• Remittent fever: same as continuous however temperature does fluctuate more than 1 degree in 24 hours.

Signs and Symptoms:[edit | edit source]

A fever often accompanies sickness behaviour which involves:

  • Lethargy
  • Depression
  • Anorexia
  • Sleepiness
  • Hyperalgesia
  • Inability to concentrate

Hyperthermia[edit | edit source]

Hyperthermia defines a process, in which the body heats up to significantly above normal Temperature (>37.5°), because of failure of the organism’s thermoregulation. The most common type of Hyperthermia is the so called Heat stroke.

A Heat stroke occurs, when the body is not able to properly dissipate heat by radiation or evaporation of sweat. This may be the case during exertion, very high outdoor air temperature, dehydration or air humidity. As a consequence, the organism starts to warm up to or above 41.1°. This state affects the body biochemically: Enzymes and other proteins will begin to function slower as they start to denature as a result of the extremely high temperature of the body. As a result of this Enzyme driven reactions (such as metabolic pathways) will not function properly. Since 1995, 33 football players died because of a heat stroke, stated by the University of North Carolina.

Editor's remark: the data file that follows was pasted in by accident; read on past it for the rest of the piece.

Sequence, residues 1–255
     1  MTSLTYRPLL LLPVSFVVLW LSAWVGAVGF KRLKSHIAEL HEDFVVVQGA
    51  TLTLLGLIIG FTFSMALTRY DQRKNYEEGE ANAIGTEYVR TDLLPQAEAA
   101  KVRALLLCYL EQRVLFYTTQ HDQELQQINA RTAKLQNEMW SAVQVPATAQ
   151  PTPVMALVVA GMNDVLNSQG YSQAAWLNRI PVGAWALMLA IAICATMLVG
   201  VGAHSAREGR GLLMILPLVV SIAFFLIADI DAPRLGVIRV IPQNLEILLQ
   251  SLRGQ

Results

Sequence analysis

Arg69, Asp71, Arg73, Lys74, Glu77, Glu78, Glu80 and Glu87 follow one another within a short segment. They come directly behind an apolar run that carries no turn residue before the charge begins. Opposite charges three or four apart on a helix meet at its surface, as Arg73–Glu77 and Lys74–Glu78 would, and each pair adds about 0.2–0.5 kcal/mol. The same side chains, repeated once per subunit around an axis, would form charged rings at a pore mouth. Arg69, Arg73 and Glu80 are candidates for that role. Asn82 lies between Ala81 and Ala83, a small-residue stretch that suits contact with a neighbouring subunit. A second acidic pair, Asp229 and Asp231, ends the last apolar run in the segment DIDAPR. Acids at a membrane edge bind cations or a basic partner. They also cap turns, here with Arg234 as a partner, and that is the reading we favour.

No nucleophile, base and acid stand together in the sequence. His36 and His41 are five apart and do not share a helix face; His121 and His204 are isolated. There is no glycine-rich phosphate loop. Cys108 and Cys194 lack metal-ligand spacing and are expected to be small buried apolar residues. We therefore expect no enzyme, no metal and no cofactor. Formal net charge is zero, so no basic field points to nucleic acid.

Consequently typical Symptoms of a heat stroke are a dry skin, small pupils and a high body temperature. It gets clear, that the symptoms compared to the much more common heat exhaustion are completely different. Heat exhaustion is defined by a normal body temperature accompanied with moist clammy skin. Everyone, who has ever participated in sport or other physical activities during a hot day knows these issues, which are not harmful for the body, but affecting performance output.

Hyperpyrexia[edit | edit source]

Hyperpyrexia is a state where the body temperature is extremely above normal, specifically greater than or equal to 41.5 °C (106.7 °F). A body temperature this high is considered a medical emergency as it may indicate a serious underlying condition or lead to severe side effects. Hyperpyrexia differs from hyperthermia in that in hyperpyrexia the body's thermoregulatory system sets the body temperature above the normal temperature, then generates heat to achieve this temperature, while in hyperthermia the body temperature rises above its set point as a result of an external source; to put it simply hyperthermia isn’t caused by a fever whereas hyperpyrexia is just an example of an extreme fever.

The most common cause is an intracranial haemorrhage. These affect the body initially the same way as Heat Stroke and develop into severe symptoms which include:

  • Sickness behaviour
  • Dry, hot, red skin
  • Extreme confusion
  • Fast shallow breathing
  • Weak, fast pulse
  • Dilated pupil’s
  • Loss of consciousness
  • Seizures.

These are symptoms caused by extreme vasodilation and the shutting down of metabolic pathways as a result of inhibited enzyme action. Since the body’s thermoregulatory system isn’t functioning properly during hyperpyrexia it is often fatal.

Sources[edit | edit source]